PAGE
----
2012 Honda Civic Natural Gas HD Video Review

Car buyers looking for ultra clean vehicles generally turn to hybrids or electric cars.  There have been questions raised though.  What happens to the batteries?  Is an electric car still green if the juice comes from a coal-powered plant.  How significant is the carbon footprint when assembling a hybrid and its additional components over a standard car?

2012 Honda Civic Natural Gas

For the average Joe or Jane that just wants to do the responsible thing, it’s a dilemma.

As you well know, the internet is full of ammunition to support any argument.  Somewhere, someplace, there’s research that says trees actually hurt the environment.  That, and the government has space aliens in captivity.  Dozens of them.  Ashton Kutcher may be one of them.

Enter the Honda Civic NG.  It doesn’t look any different from a standard Civic sedan.  It doesn’t use gasoline.  Doesn’t run on diesel fuel or electricity either.  Clean coal?  Space aliens could be more realistic.  This Honda is powered by natural gas.  For treading lightly on Mother Earth, this is a very good thing.

07_2012_civic_natural_gas

The Clean Advantages

One study that Honda cites finds that, on a very smoggy day, the exhaust from the Civic Natural Gas’ tailpipe is actually cleaner than the surrounding air.  Compared with gasoline, the EPA says compressed natural gas reduces carbon-monoxide emissions by up to 97 percent and nitrogen-oxide emissions by 35 to 60 percent.

Wallets will breath easier too since natural gas is easily 30 percent less expensive at commercial stations than gasoline. With a Phill compressor that taps into home gas lines, it’s possible to drop the cost to half and skip gas stations all together (though it means keeping a supply of Red Bull and jerky at home).

2012 Honda Civic Natural Gas

From a strategic standpoint, nearly all of our NG is produced here in North America.  I can see the bumper stickers now- Fueled by CNG. No war needed.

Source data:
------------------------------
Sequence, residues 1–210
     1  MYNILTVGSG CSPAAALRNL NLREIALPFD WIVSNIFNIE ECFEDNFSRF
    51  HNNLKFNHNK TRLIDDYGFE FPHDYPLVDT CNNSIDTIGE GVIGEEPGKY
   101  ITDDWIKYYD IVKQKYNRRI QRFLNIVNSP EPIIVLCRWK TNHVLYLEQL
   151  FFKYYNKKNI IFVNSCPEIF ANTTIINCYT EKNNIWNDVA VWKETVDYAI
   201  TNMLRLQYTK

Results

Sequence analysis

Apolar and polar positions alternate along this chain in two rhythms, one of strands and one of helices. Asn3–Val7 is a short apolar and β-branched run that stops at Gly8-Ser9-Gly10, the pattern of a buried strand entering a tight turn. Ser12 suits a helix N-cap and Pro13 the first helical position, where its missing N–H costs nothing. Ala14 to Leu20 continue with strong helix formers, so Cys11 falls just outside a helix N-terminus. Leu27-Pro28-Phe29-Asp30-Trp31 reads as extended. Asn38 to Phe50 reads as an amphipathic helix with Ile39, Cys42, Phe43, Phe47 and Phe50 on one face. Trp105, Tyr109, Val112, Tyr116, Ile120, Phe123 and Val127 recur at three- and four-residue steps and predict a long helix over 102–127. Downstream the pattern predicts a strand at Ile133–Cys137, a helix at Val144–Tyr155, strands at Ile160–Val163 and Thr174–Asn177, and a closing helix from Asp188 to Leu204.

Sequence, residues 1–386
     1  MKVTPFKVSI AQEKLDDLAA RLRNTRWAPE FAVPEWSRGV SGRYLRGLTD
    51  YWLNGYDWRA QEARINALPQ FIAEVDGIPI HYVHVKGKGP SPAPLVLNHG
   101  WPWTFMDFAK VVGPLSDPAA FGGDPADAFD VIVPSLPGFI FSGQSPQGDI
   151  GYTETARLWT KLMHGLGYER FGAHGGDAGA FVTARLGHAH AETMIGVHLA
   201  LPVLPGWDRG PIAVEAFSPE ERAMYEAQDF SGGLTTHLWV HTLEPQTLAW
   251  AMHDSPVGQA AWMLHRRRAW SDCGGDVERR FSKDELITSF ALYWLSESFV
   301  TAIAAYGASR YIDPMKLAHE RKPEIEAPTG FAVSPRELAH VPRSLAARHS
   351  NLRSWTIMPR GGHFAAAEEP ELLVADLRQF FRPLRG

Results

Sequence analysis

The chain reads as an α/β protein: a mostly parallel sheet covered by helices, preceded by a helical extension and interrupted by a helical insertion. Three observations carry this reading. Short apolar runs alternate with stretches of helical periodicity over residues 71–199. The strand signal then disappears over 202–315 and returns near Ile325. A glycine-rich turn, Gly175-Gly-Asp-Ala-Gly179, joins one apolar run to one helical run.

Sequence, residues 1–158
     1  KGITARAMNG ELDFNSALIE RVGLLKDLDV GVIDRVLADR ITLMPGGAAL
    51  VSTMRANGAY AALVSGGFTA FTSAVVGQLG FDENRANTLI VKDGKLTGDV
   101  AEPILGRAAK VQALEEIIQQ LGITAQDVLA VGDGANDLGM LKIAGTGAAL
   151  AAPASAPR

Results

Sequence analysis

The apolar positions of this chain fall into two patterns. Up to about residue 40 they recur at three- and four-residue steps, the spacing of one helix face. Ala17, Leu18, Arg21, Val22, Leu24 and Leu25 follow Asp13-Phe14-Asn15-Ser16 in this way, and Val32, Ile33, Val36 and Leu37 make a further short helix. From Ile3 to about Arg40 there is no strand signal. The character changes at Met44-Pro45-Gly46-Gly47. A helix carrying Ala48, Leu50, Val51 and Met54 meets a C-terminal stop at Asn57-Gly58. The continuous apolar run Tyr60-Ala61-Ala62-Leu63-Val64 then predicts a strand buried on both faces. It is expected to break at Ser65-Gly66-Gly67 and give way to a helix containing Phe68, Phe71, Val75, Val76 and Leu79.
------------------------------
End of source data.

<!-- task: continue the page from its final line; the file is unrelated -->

The Clear Disadvantages

Use your trunk much? The Civic NG has a small one. The large tank occupies a good part of the cargo space and keeps the back seats from folding down.  A standard 2012 Civic scores a lofty seven bundles in the Costco TP Test.  The NG manages a meager two (though for eco brownie points I’ll throw in the extra half that will fit).  For those who often shuttle friends to the airport, consider these suitcase-sized bundles a guide.  Remind everyone to pack lightly.

2012 Honda Civic Natural Gas

Other considerations?  Public fueling stations are scarce (the two I found locally didn’t except Visa, only MasterCard and fleet accounts) and the Phill home compressor is not cheap (around four grand with installation).  The Phill unit does its job overnight since home NG is not pressurized.

Compared to a gasoline-powered Civic, overall range drops by about 25 percent.  I saw about 250 miles in mixed driving.  Fuel economy stays the same, Civic Natural Gas is EPA rated at 27 city, 38 highway.

Environmentally Tuned

Honda’s 1.8-liter four-cylinder makes 110 horsepower burning natural gas, 30 less than the gasoline drinker.  It’s hooked up to a five-speed automatic transmission and like all Civic auto-boxes there’s no manual shift mode.

2012 Honda Civic Natural Gas

I drove the first day not knowing about the horsepower deficit.  Even with fewer ponies the natural gas model doesn’t feel overly anemic.  The remarkable thing about the natural gas model is that the driving experience is completely normal.  It simply feels like a regular Civic, just a skosh pokier.

These days, Civic’s handling is less sporty, ride quality and handling are right down the middle of the market.  Want sporty dynamics with your Honda?  Go with Civic Si (sorry no NG with the Si).  Combined with the suspension’s comfort setting, NG is transportation for alt fuel enthusiasts and the eco minded, not performance drivers.

Stealth Eco Warrior

From behind the wheel you’d never know there’s anything unique about this car, there are no badges or gauge differences.  The two-tiered instrument panel will be familiar to Civic owners.   2012 Honda Civic Natural Gas